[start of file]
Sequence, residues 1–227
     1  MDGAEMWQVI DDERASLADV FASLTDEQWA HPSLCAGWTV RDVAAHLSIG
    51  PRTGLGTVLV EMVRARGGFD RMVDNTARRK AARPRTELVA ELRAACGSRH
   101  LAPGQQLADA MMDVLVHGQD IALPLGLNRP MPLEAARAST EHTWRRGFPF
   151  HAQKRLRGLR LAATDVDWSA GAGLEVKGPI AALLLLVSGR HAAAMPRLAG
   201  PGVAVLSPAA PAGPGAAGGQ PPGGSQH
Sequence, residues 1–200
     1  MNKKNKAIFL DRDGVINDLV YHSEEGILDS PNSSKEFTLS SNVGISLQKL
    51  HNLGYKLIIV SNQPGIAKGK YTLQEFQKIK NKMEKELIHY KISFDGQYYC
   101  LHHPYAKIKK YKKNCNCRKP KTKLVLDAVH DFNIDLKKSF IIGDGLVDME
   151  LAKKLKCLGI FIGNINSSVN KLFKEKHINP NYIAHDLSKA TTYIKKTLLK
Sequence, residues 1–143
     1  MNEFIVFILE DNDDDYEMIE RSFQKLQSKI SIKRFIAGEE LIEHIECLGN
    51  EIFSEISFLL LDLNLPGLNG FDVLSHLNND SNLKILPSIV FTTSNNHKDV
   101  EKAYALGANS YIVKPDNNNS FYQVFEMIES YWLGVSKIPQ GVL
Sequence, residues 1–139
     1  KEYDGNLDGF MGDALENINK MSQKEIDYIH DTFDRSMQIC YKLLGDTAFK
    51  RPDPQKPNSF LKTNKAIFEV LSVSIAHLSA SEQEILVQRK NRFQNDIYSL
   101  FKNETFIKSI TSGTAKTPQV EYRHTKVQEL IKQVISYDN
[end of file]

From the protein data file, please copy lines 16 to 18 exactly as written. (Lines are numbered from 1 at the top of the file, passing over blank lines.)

Sequence, residues 1–139
     1  KEYDGNLDGF MGDALENINK MSQKEIDYIH DTFDRSMQIC YKLLGDTAFK
    51  RPDPQKPNSF LKTNKAIFEV LSVSIAHLSA SEQEILVQRK NRFQNDIYSL